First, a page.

His son Johannes was a Colonel during the American Revolution, and was the primary heir to Crailo. Through this son, he was the grandfather of Catherine Van Rensselaer (1734–1803), who married Gen. Philip Schuyler (1733–1804) in 1755, Jeremiah van Rensselaer (1738–1810), Robert Van Rensselaer (1740–1802), Henry van Rensselaer (ca 1742–1813), James van Rensselaer (1747–1827), a Captain and aide de camp of Maj. Gen. Montgomery who fought in the Canadian campaign of Fort Chambly in Quebec and was Captain in the 2nd New York Regiment under Colonel James Clinton and later aide de camp of General Philip Schuyler.[15][16][17]

Through his grandson, Robert Van Rensselaer, he was the great-grandfather of Jacob R. Van Rensselaer (1767–1835), a lawyer and federalist politician.

Hi youngest son, Kiliaen van Rensselaer (1717–1781), was commissioned as a Colonel of the 4th Regiment, Albany County Militia, Rensselaerswyck battalion, on October 20, 1775 and was the representative for Rensselaerswyck on the Albany Committee of Correspondence when hostilities broke out in 1775.[18][13] Kiliaen was wounded during the Battles of Saratoga and received the highest compliments about his courage from General George Washington.[19] Through this son, he was the grandfather of Henry K. Van Rensselaer (1744–1816), a general in the Revolution, Philip Kiliaen van Rensselaer (1747–1798), a colonel in the Revolution, Nicholas van Rensselaer (1754–1848), a Colonel and aide de camp under General Philip Schuyler,[20][21][16][22] Killian K. Van Rensselaer (1763–1845), US Representative from New York.[4]

See alsoEdit


  1. ^ Spooner 1907, p.17
  2. ^ Spooner, pp. 189
  3. ^ Jacobs, Jaap (2005). New Netherland: A Dutch Colony in Seventeenth-Century America. Leiden | Boston: BRILL. ISBN 9004129065. Retrieved 29 June 2017.
  4. ^ a b c d e f g h i Reynolds, Cuyler (1911). Hudson-Mohawk Genealogical and Family Memoirs: A Record of Achievements of the People of the Hudson and Mohawk Valleys in New York State, Included Within the Present Counties of Albany, Rensselaer, Washington, Saratoga, Montgomery, Fulton, Schenectady, Columbia and Greene. New York: Lewis Historical Publishing Company. Retrieved 29 June 2017.
  5. ^ a b   One or more of the preceding sentences incorporates text from a publication now in the public domainCabell, Isa Carrington (1889). "Van Rensselaer, Killian" . In Wilson, J. G.; Fiske, J. (eds.). Appletons' Cyclopædia of American Biography. New York: D. Appleton.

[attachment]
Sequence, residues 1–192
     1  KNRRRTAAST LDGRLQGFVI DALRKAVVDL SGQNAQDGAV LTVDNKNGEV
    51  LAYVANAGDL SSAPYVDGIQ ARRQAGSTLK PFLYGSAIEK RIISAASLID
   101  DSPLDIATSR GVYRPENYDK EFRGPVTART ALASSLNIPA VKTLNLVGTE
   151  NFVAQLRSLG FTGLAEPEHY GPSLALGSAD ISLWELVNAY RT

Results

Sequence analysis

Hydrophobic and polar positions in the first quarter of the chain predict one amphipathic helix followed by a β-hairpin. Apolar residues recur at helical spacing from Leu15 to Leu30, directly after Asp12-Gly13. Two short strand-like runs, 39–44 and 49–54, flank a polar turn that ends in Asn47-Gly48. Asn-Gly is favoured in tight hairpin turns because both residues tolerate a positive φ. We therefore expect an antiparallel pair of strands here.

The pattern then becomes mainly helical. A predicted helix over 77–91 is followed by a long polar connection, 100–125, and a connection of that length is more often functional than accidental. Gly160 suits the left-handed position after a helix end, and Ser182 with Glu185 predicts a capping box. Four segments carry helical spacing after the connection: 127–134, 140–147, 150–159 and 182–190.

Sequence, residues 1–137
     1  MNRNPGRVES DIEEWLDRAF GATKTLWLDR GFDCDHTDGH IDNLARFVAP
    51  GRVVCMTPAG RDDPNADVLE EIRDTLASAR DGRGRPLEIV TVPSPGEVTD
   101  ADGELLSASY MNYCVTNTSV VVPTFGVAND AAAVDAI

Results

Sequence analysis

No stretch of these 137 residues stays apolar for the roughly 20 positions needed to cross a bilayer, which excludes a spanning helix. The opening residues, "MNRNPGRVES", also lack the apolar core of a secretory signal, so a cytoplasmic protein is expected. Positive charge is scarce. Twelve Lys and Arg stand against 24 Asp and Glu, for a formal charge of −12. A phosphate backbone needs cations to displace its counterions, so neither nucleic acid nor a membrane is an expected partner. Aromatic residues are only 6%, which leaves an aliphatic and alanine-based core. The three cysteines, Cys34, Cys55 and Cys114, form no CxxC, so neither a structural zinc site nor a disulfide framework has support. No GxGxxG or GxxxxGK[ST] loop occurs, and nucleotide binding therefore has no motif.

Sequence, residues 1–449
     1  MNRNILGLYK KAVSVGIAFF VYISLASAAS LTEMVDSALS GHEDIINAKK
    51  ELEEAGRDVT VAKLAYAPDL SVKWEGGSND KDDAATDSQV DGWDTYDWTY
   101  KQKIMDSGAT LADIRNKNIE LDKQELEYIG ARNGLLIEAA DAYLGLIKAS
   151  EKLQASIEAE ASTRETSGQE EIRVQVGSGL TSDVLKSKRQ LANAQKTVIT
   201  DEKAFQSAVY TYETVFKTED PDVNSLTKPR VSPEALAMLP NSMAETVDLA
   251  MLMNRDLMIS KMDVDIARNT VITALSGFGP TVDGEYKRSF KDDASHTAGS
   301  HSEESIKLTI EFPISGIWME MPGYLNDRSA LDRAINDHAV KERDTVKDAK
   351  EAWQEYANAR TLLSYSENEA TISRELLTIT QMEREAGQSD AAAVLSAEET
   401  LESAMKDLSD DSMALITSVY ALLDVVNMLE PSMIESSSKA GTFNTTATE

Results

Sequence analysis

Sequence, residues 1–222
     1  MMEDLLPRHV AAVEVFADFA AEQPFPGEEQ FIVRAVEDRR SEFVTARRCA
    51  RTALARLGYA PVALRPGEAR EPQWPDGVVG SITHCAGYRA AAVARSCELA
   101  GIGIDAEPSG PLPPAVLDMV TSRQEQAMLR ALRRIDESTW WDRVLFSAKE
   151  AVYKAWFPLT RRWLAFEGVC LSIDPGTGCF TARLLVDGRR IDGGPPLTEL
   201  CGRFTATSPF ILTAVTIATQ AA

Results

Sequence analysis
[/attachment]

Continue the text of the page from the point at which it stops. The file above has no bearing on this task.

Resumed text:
6. ^ Bielinski, Stefan. "Catharina Van Brugh Van Rensselaer", New York State Museum
  7. ^ Bielinski, Stefan (2003). "Catharina Van Brugh Van Rensselaer". New York State Museum.
  8. ^ Spooner, pp. 191
  9. ^ Bielinski, Stefan. "Johannes Ten Broeck", New York State Museum
  10. ^ Runk, Emma Ten Broeck (1897). Ten Broeck Genealogy, Being The Records and Annals of Dirck Wesselse Ten Broeck of Albany and his Descendants. New York, De Vinne press. Retrieved 29 June 2017.
  11. ^ Bielinski, Stefan. "John Van Rensselaer", New York State Museum
  12. ^ Bielinski, Stefan. "Hendrick Van Rensselaer", New York State Museum
  13. ^ a b Bielinski, Stefan. "Kiliaen Van Rensselaer", New York State Museum
  14. ^ Schenectady History
  15. ^ Bergen, Tunis Garret (1915). Genealogies of the State of New York: A Record of the Achievements of Her People in the Making of a Commonwealth and the Founding of a Nation. 3. Lewis Historical Publishing Company. OCLC 39110613.
  16. ^ a b "Hudson-Mohawk Genealogical and Family Memoirs: Van Rensselaer". Schenectady Digital History Archive. Schenectady County Public Library. 2009. Retrieved December 28, 2012.
  17. ^ Calendar of the Military Papers of Peter Gansevoort, [Senior] July 4, 1754 through December 31, 1780 New York State Archives AO131 [1] pp. 10
  18. ^ [2] New York In The Revolution as Colony and State by James A. Roberts, Comptroller. Compiled by Frederic G. Mather Second Edition 1898
  19. ^ [3] schenectadyhistory.org - Hudson-Mohawk Genealogical and Family Memoirs: Van Rensselaer
  20. ^ Clarke Publishing Company, S.J; Clarke, S. J. (1912). "Cincinnati, the Queen City, 1788–1912". S. J. Clarke Publishing Company: 567. Cite journal requires |journal= (help)
  21. ^ "Van Rensselaer/Klinck – New York". Ancestry.co.uk. Retrieved December 28, 2012.
  22. ^ Denslow, William R; Truman, Harry S (2004-09-30). "10,000 Famous Freemasons V3, K to P". ISBN 9781417975792. Cite journal requires |journal= (help)